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PERSPECTIVE ON NUCLEAR ARMS

Test Ban Pact Saved From Stillbirth

Despite India's veto, the compact is ready for delivery to the United Nations after four decades' gestation.

September 08, 1996|PETER D. ZIMMERMAN | Peter D. Zimmerman is a nuclear physicist who works as a consultant on U.S. arms policy. The opinions here are his own

Since 1954, when India's first prime minister, Jawaharlal Nehru, began urging the Soviet Union and the United States to end nuclear weapons testing, completion of the Comprehensive Test Ban Treaty has been an elusive goal of all but two U.S. administrations. Now it seems likely that before the month is out, Bill Clinton will sign the treaty at the United Nations. Ironically, India will not be on board.

A resolution asking the General Assembly to accept the treaty negotiated in Geneva by the 61-nation Conference on Disarmament is to be introduced Monday by Australia and more than 100 nations, the "friends of the CTBT," including all five declared nuclear powers.

The treaty should not have reached the U.N. this roundabout way. The Conference on Disarmament had been expected to report it directly to the U.N. last month. But the Conference on Disarmament operates only when its members agree, with no open dissent. While almost all of the members were satisfied with the compromise treaty brokered by Ambassador Jaap Ramaker of the Netherlands, India blocked it at the end.

The treaty's terms are not perfect, not 100% satisfactory to any nation, as is always the case when nations bargain, but it was balanced and "good enough" for most. The United States wanted to strengthen the right to inspect suspicious activities on the basis of photos from military reconnaissance satellites; China objected. Indonesia once hoped that a test ban would forbid the use of computer simulations for maintaining the existing stockpiles of the nuclear powers, an impossible dream unless every computer were to contain a "nuke chip" to filter out suspicious computations. There are other areas of discontent but none should prove fatal.

The two major sticking points arose late in the negotiations. Russia, Britain and China demanded that the "nuclear threshold states"--India, Israel and Pakistan--ratify the treaty just as the five acknowledged nuclear powers must do. India demanded that the treaty, intended only to stop nuclear testing and slow weapons development, also commit the signatories to a nuclear-free world by a definite date.

Since nuclear weapons are small and easy to hide, no country could ever be certain that its foes really had destroyed all of their atomic arms, no matter what a treaty required. Nuclear weapons are also inexpensive and, if certain designs are used, reliable with little or no maintenance. In a nominally nuclear-free world, one aggressive country with a stockpile of a few dozen warheads could dominate the globe. India's insistence on a nuclear disarmament clause was impossible for the five nuclear powers to accept, and probably represented Indian nuclear hypocrisy, if we are to judge by Indian actions.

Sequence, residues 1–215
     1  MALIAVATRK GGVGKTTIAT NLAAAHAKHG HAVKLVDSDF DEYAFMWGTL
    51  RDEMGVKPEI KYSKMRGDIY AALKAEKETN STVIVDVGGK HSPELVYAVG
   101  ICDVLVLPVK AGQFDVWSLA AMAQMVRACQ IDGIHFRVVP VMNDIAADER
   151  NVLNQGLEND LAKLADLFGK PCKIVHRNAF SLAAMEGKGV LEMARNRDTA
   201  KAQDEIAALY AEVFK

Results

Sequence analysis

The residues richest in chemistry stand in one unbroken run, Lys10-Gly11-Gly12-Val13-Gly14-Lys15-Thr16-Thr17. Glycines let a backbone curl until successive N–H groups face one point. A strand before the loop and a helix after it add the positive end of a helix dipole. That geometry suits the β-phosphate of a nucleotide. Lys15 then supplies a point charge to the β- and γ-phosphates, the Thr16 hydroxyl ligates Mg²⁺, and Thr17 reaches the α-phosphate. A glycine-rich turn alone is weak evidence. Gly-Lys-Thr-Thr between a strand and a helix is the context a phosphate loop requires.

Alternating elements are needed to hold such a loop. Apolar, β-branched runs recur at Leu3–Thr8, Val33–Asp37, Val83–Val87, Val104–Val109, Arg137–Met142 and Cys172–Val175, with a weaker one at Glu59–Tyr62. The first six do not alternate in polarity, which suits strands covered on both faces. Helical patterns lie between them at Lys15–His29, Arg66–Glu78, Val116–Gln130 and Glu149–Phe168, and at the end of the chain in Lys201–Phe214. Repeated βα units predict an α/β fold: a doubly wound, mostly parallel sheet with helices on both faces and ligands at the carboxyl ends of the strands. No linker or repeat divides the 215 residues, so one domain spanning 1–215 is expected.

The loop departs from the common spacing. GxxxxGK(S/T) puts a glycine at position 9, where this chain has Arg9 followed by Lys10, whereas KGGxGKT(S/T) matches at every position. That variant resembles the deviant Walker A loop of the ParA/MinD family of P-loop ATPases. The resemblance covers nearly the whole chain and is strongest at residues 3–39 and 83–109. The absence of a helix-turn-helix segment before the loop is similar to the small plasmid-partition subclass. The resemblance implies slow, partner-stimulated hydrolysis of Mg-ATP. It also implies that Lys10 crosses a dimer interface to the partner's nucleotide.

It soon became clear that India intended to maintain its nuclear capabilities out of distrust of Pakistan and China. When other participants pressed for ratification, India's ambassador, the chain-smoking Arundhati Ghose, reacted angrily. She declared that the test ban treaty, in its foreclosure of any nuclear capability, was an assault on Indian sovereignty. And she rejected pressure to sign as a threat of U.N. sanctions on India.

Since the Conference on Disarmament can act only by consensus, the treaty seemed dead until its group of "friends" found a way to bring it before the General Assembly.

If the Indian press is accurate, and if the statements of Indian officials can be taken at face value, India's real reason for trying to stop the Comprehensive Test Ban Treaty is that it harbors ambitions to be a great nuclear power and is preparing its old test site for a new shot. There is persuasive public evidence on that score from analysts at the Lawrence Livermore National Laboratory, who needed to use only unclassified satellite pictures and news reports to make their case.

Despite the failure of the Conference on Disarmament, and despite India's veto, an end to nuclear testing is in sight--unless India chooses to test. Even Israel and Pakistan are expected to sign the treaty, further isolating India not only from its Western economic partners but also from the nonaligned states that it claims to lead. However, the conference, the only negotiating field where great powers and the rest of the world could discuss issues of disarmament, war and peace on equal terms, is now worse than moribund. India's veto has so discredited it that it may never again serve as a forum where the powerful must listen to the concerns of the less powerful if either group wants progress. That, now, is India's legacy. Nehru would not be pleased.

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